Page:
Sexually transmitted infections (STIs): migrant health guide
Advice and guidance on the health needs of migrant patients for healthcare practitioners.
A sexual history is an important part of an overall health assessment.
Although sexually transmitted infections (STIs) can be asymptomatic, they can have serious health consequences.
A high rate of HIV in a country can be taken as an indicator of likely high rates of other STIs. Offer a full sexual health screen to all sexually active people who are from countries with an HIV rate of >1%.
Offer sexual health screening as appropriate for their sexual history to sexually active people who are from countries with an HIV rate of ≤1%.
Investigate all people with symptoms of an STI promptly; give a full sexual health screen, and manage appropriately.
Where more specialist STI services are required, referral to the local GUM clinic is the preferred option.
Screen all sexually active people under the age of 25 for chlamydia annually, and/or whenever they change sexual partners, irrespective of symptoms or country of origin.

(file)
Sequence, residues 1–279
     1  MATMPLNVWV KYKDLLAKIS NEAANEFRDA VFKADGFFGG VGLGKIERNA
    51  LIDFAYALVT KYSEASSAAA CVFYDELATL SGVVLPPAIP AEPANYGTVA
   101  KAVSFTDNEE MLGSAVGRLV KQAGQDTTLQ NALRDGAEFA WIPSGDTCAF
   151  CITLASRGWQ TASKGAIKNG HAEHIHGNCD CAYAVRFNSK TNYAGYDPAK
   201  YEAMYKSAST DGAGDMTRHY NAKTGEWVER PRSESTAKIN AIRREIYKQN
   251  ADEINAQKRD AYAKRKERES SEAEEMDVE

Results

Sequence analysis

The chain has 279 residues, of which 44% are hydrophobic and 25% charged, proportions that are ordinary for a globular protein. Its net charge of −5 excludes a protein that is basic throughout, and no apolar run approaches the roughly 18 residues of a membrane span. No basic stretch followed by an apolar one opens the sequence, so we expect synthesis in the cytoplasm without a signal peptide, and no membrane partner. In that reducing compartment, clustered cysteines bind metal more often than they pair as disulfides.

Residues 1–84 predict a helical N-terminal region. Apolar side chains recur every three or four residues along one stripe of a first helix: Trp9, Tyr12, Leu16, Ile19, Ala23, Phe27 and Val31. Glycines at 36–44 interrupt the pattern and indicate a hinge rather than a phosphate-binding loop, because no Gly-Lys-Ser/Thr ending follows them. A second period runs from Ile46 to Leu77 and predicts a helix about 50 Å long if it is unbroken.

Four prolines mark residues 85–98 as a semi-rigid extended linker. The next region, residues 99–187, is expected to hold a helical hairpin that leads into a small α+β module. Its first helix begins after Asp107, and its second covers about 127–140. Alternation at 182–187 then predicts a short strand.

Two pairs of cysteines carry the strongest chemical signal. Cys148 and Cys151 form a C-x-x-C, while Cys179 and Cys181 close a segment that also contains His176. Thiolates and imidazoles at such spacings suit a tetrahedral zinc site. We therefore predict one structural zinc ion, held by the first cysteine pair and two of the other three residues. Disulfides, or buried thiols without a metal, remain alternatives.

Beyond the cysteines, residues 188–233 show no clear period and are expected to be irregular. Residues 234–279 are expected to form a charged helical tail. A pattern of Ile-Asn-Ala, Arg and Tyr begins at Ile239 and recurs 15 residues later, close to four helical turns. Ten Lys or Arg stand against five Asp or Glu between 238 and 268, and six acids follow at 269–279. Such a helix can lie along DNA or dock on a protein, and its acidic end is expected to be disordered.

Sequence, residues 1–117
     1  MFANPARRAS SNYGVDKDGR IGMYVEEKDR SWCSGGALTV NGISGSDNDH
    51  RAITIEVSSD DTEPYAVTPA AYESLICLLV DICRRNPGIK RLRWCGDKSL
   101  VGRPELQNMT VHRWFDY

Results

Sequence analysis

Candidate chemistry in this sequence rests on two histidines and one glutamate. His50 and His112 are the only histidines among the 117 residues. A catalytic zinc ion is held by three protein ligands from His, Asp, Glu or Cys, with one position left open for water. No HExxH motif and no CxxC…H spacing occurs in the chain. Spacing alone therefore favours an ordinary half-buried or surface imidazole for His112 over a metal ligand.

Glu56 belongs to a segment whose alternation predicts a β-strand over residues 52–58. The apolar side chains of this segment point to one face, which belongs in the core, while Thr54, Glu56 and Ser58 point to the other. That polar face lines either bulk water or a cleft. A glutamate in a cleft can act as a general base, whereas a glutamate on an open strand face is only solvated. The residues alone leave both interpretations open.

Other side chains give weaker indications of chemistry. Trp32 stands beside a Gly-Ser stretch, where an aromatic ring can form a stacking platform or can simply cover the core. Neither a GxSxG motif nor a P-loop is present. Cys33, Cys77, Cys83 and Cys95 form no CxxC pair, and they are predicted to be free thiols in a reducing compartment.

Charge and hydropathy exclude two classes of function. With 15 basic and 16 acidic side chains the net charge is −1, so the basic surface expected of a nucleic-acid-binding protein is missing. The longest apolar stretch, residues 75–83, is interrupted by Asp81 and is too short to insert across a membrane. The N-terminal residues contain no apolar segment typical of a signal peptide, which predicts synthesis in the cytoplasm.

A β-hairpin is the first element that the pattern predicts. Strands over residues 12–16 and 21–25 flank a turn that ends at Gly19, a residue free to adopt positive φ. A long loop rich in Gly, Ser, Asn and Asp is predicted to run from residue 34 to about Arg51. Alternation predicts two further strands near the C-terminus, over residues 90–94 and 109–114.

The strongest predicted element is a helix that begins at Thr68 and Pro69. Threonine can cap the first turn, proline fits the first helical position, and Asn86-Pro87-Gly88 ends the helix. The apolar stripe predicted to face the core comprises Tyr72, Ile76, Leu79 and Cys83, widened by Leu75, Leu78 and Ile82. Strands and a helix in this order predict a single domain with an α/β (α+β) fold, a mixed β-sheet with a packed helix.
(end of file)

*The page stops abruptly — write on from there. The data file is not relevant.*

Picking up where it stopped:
Address sexual health promotion with all sexually active people, providing:
- advice about safer sex and contraception for both men and women
- information about cervical screening for women
Include sexual health promotion as part of a pre-travel health consultation for all sexually active travellers.
Prevention and control of STIs helps reduce the spread of HIV.
Under the National Health Service (Charges to Overseas Visitors) Regulations 2015 the following are exempt from charge:
- diagnosis and treatment for STIs
- testing for HIV and associated pre-and post-test counselling
- HIV treatment
STIs are infections that are spread primarily through person-to-person sexual contact.
According to the World Health Organization, throughout the world:
- more than 1 million people acquire an STI every day
- 357 million new cases of curable STIs (syphilis, gonorrhoea, chlamydia and trichomoniasis) occur annually